Glad you enjoyed The Bones of All Men. This is a rather obscure release (except, of course, for people for whom it is not obscure) which would probably appeal to quite a large audience, but many people who would like it might never hear of it, much less hear it.

        I saw Hackett about 20 years ago with just an acoustic guitar and last year with full band, but neither was the “Genesis revisited” theme (though he did play a couple of Genesis songs at each concert), so this will be different. After a long pause, I’ve taken up practicing guitar every day again. I could play “Horizons” reasonably well at one time; we’ll see how long it takes until I can play it as well again.

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      • Hi Phillip. Sorry for the delay in replying, but I was out of town…and out of touch…for the last five days. Thanks for the info on Herman van Veen. That sounds like a nearly inpenetrable catalog, but as a huge fan of The Final Cut I love knowing that there’s a cover of “Paranoid Eyes” out there. I will definitely check out his music when I have some free time.

        As for Hackett, I’m not sure how I’ve missed seeing him in concert since I’ve been a huge fan for years. Even if he didn’t play a single Genesis song, his solo catalog is strong enough to make for a great night of music.

        I’m glad you’ve picked up the guitar again. I’ve gone through a couple of phases in my life when I wasn’t drumming and I tended to be miserable when that happened. I’m sure you’ll be playing “Horizons” with your eyes closed in no time.

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  5. Lewis Johnston
    February 20, 2013

    A very good review of a phase of Young’s career that has an undeserved bad reputation. Trans is actually one if my favourite albums by Young, the soundscapes and textures were such a great departure from his pervious work. It showed that he had new ideas to explore, for an artist that had quite a substantial body of work already behind him, that was for me a good thing. I also saw him live during that period and the concerts were very good too. With the following album Everybody’s Rockin’ he decided it was time to go back to the early days of Rock & Roll, while the album is rather short, it is a pretty enjoyable listen, good fun with some very catchy tunes. Old Ways is another standout album from this period, as a full blown country album it works really well. One can hear that he was really into it and the band he toured with at that point really did the music justice. That was one band I would have loved to see him live with, from the videos that I have seen it certainly looks very good. I enjoy Old Ways and find myself listening to that pretty often. The next album was Landing On Water, a bit of a strange beast indeed, there are some good tunes to be had on the album though “Hippie Dream” is a standout for me, it would have not been out of place on his album On The Beach, lyrically it would have fitted in very well with the theme of disillusionment with the failure of the dream of changing the world. I think with a slightly different production and arrangements one might have had a better album to listen to. Having said that it is not all bad.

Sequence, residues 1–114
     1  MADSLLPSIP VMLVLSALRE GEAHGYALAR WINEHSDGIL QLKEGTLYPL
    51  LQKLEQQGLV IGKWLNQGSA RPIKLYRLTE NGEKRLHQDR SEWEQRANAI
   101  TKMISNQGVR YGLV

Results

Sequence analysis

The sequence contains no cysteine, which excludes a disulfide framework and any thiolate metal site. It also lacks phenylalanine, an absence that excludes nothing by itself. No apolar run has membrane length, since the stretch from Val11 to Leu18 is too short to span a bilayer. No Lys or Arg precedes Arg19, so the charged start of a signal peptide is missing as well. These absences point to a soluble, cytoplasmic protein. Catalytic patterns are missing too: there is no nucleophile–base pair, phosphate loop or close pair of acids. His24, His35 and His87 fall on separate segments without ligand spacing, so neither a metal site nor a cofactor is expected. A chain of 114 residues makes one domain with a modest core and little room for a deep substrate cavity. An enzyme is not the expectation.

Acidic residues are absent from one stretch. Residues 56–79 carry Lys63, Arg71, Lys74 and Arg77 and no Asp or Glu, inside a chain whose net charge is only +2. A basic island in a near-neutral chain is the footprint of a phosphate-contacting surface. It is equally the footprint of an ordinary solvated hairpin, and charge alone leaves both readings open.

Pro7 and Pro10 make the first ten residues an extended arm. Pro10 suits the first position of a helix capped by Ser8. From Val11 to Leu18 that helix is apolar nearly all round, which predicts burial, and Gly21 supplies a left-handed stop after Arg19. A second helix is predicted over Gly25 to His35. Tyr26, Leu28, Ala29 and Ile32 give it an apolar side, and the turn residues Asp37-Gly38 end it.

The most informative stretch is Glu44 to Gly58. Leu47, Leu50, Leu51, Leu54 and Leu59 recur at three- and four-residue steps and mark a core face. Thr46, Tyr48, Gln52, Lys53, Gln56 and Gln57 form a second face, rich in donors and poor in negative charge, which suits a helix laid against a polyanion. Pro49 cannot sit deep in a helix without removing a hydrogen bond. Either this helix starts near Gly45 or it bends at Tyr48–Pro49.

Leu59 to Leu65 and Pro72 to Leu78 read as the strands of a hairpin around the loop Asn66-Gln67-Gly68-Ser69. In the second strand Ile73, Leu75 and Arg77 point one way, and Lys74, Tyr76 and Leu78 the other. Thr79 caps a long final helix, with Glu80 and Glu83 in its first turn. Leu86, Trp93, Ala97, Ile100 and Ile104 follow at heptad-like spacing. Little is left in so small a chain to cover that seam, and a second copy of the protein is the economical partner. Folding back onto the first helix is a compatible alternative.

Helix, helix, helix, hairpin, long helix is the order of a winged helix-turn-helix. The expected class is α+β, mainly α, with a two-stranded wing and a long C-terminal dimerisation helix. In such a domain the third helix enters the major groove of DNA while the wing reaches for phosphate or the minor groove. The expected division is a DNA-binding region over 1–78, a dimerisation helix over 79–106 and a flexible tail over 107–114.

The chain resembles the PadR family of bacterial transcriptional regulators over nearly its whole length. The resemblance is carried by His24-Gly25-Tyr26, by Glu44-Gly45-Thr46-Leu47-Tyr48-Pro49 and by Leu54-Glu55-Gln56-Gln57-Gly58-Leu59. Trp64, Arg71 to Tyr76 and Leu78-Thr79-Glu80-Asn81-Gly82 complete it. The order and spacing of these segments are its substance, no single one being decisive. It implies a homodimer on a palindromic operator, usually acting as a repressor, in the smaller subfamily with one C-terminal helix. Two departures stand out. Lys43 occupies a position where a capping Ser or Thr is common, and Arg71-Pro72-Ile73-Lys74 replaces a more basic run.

The final album for Geffen called Life suffers from the continuation of the eighties style production. Like your good self I feel “inca Queen” is the best track on that album. The rest of the album is ok but not on a par with Trans and Old Ways. From the Geffen years those are the two albums I would suggest as the best to get from that period. It certainly was an interesting part of his musical voyage and it was something he seemed to wanted to get out of his system. What must have been annoying for Geffen was the critical and commercial success that was to follow when he jumped back on board to Reprise, which I think reinvigorated his muse judging by what followed

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    • Hi Lewis. As usual, we seem to be on the same page here with our favorite albums and songs. You made a nice point about “Hippie Dream” being a thematic match for On The Beach. I hadn’t made that connection before, but I agree with you.

      I’ve already been listening to the first few albums from his second stint at Reprise and they’re definitely more cohesive and less of-their-time than anything he did with Geffen. I probably won’t be able to post my comments about them until late next week, but I think I’ll have a lot of good things to say about those records. Looking forward to finding out if we’re once again on the same wavelength.

      Thanks, as always, for your input.

      Cheers!
      Rich

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  6. Good job Rich – Finding some ’80s Neil Young to like might not be the easiest task – but you did it!